The student news site of Antioch Community High School.

Sequoit Media

The student news site of Antioch Community High School.

Sequoit Media

The student news site of Antioch Community High School.

Sequoit Media


What doesn’t kill you makes you stronger

As a sport becomes more advanced, injuries often become more inevitable. However, the perseverance to recover is what changes the mindset of the athlete to regain strength both physically and mentally.
James Adams
Junior James Adams xray post surgery

Seeing an athlete fall to the floor of the court or get tackled on the field always sends a wave of anticipation over the crowd. Questions arise of whether or not they will be able to get up or if they have faced any serious injury. Unfortunately, situations like these are often unavoidable when the intensity and competitiveness of sports increase over time. 

After competing in only two cheer competitions, the rest of freshman Zoe Babin’s season was taken away from her after an elbow injury. While her season ended sooner than expected, Babin worked through a month and-a-half of physical therapy to regain her strength.

“I was not able to get put back into routine but I was able to start working on skills towards the last week of the season,” Babin said. “Being a team player and wanting to stay around my team and be with them throughout my injury helped me feel like I was still on the mat even though I wasn’t.”

Having a season-ending injury can be not only physically draining, but mentally draining as well. Junior Delaney Emering is a varsity dancer at Antioch Community High School aside from dancing outside of school and waterskiing in the summer. Emerging tore her meniscus twice just months apart from each other and has experienced a long recovery process.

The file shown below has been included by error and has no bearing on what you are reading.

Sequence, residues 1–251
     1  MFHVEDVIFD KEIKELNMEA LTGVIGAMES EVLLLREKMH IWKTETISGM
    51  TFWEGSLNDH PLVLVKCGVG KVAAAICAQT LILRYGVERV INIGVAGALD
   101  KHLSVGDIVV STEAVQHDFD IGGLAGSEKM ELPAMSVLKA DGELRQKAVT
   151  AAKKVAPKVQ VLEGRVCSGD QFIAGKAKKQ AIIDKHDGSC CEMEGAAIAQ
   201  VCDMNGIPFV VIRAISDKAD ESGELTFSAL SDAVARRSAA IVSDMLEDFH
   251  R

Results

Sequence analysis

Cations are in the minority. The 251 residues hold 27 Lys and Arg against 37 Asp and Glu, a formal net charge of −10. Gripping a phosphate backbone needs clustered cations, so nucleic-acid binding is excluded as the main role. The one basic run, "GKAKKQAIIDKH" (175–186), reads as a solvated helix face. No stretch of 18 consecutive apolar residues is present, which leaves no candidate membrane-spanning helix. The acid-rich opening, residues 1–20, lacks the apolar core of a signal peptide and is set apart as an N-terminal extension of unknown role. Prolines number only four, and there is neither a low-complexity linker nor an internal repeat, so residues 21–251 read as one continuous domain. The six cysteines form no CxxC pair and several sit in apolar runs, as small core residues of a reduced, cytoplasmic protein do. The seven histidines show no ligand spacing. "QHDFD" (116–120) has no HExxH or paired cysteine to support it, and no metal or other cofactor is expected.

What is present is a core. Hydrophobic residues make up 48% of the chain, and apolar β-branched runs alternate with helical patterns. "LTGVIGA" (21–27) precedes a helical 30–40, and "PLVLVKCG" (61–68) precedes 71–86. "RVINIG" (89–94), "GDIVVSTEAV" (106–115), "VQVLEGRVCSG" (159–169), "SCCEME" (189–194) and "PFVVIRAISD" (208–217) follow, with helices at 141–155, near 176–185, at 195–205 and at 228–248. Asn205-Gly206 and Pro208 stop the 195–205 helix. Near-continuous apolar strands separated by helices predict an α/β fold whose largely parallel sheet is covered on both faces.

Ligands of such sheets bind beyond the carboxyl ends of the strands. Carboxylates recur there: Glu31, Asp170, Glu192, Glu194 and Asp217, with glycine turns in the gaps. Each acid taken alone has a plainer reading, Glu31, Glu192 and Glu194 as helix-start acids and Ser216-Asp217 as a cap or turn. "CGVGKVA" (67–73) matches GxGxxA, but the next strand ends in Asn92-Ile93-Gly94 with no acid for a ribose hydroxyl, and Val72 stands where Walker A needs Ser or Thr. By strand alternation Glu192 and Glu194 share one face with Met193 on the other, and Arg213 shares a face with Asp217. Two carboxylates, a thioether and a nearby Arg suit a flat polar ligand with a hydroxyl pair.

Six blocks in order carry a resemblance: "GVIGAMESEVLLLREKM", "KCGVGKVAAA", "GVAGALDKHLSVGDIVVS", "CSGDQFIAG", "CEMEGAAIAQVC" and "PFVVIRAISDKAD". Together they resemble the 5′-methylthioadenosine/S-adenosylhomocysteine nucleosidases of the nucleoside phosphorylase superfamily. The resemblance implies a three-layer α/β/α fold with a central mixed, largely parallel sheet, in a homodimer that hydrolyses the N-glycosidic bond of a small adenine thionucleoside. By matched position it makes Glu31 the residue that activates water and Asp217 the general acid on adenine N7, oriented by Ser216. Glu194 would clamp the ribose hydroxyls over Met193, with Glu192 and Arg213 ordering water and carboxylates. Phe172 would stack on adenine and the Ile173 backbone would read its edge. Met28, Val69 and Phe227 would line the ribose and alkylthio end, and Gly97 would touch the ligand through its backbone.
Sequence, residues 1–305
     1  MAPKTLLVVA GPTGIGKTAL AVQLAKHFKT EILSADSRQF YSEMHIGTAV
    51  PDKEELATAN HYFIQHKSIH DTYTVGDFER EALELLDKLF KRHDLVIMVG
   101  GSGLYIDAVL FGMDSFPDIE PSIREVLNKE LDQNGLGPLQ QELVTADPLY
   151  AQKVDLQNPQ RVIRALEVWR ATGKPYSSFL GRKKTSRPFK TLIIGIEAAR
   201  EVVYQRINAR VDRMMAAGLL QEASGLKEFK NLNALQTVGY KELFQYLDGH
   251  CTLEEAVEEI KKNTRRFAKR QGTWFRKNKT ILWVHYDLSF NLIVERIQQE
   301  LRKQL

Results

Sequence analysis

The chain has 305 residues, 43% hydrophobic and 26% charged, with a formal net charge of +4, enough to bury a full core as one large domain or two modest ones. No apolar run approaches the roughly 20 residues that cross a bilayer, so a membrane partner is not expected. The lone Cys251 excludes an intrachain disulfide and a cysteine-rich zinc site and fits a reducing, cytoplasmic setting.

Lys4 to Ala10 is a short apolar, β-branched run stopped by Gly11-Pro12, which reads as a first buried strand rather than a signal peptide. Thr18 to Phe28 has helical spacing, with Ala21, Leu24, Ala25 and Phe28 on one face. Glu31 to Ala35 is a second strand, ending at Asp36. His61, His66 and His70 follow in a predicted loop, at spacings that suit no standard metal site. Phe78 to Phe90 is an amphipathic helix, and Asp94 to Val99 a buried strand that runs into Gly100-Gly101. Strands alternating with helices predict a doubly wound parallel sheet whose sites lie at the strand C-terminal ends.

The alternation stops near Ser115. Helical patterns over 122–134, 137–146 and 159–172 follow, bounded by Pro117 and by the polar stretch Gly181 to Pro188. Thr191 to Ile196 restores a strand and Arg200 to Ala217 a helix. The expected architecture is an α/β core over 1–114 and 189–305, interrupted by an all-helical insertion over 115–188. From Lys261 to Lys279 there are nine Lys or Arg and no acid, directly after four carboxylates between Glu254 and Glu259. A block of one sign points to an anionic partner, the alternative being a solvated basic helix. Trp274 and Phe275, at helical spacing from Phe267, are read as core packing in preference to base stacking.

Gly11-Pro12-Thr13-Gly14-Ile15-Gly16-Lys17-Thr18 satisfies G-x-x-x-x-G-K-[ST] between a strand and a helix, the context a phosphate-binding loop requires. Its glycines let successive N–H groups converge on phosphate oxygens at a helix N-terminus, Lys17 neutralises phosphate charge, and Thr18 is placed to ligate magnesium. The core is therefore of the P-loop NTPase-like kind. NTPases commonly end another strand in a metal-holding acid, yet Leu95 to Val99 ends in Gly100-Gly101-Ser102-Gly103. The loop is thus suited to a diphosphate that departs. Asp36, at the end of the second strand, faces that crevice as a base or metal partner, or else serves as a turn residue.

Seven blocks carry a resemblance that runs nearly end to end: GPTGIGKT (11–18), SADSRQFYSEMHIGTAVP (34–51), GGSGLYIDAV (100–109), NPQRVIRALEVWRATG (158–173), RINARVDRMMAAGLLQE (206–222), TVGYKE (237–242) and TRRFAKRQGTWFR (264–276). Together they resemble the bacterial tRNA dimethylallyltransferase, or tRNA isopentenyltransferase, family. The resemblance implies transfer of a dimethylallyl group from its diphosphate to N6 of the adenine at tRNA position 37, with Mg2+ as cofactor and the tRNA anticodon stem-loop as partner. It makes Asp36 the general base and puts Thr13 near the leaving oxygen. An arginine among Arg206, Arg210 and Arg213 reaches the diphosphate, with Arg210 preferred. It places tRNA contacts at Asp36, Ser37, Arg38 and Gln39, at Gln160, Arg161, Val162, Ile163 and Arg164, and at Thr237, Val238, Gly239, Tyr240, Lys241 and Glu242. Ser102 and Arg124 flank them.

“I had to get surgery and then it was a six month recovery,” Emering said. “At the end of the six months, I tore it again, so I had to get a second surgery with just one month of recovery.”

Being injured allows for athletes to realize that not one moment should be taken for granted. Injuries happen in just the blink of an eye and the long process of recovery can take away the opportunity to play the sports that require countless hours of hard work and dedication.

“Being injured made me realize how much I really love to dance,” Emering said. “Having that taken away from me was not a beneficial experience. So I think just wanting to get back to dance really helped me persevere through the recovery.”

Similarly, junior James Adams is a varsity football and lacrosse player. This past football season, Adams and a teammate both went for a tackle when his teammate’s helmet and shoulder collided with his knee, causing him to tear his meniscus and break his femur. Such a severe injury like this required two surgeries and three months of physical therapy.

“I learned a lot about having to push through the little things like walking [and] getting to school,” Adams said. “What kept me motivated was the fact that I had another season left to play even if there was nothing left for the current season. My injury definitely made me mentally stronger; I had to fight little battles everyday that slowly built me up mentally and physically.”

The most important thing an athlete can do is stay motivated and committed to their love of the sport, even when injuries occur. These three athletes have demonstrated perseverance and dedication to help them push through the difficult times and eventually come out stronger. 

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About the Contributors
Laila Salata
Laila Salata, Tom Tom Staff
Laila Salata is a senior and this is her second year on staff. Salata plays field hockey and does cheerleading for ACHS. In her free time, Salata enjoys taking pictures, spending too much money on Starbucks, and being with friends and family. Bonus fact, she is also Miss Antioch 2023.  
James Adams, Tom Tom Staff
James Adams is a junior and is in his first year on staff. In his free time, he can be found golfing and hanging out with friends. Adams also competes in track and football for the Sequoits.
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